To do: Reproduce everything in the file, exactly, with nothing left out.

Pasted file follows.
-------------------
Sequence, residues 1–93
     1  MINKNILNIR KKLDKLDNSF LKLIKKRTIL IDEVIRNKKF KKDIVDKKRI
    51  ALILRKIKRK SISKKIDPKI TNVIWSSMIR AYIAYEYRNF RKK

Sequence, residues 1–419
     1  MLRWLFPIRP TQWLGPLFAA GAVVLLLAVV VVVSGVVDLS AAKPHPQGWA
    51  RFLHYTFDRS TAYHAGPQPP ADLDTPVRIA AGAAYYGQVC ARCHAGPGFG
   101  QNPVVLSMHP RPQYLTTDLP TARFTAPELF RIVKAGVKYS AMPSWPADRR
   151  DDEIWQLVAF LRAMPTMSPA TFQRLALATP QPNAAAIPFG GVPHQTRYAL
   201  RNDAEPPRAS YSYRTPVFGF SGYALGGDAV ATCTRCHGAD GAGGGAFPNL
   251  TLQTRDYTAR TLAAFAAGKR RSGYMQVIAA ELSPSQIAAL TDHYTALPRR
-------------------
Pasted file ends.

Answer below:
Sequence, residues 1–93
     1  MINKNILNIR KKLDKLDNSF LKLIKKRTIL IDEVIRNKKF KKDIVDKKRI
    51  ALILRKIKRK SISKKIDPKI TNVIWSSMIR AYIAYEYRNF RKK

Sequence, residues 1–419
     1  MLRWLFPIRP TQWLGPLFAA GAVVLLLAVV VVVSGVVDLS AAKPHPQGWA
    51  RFLHYTFDRS TAYHAGPQPP ADLDTPVRIA AGAAYYGQVC ARCHAGPGFG
   101  QNPVVLSMHP RPQYLTTDLP TARFTAPELF RIVKAGVKYS AMPSWPADRR
   151  DDEIWQLVAF LRAMPTMSPA TFQRLALATP QPNAAAIPFG GVPHQTRYAL
   201  RNDAEPPRAS YSYRTPVFGF SGYALGGDAV ATCTRCHGAD GAGGGAFPNL
   251  TLQTRDYTAR TLAAFAAGKR RSGYMQVIAA ELSPSQIAAL TDHYTALPRR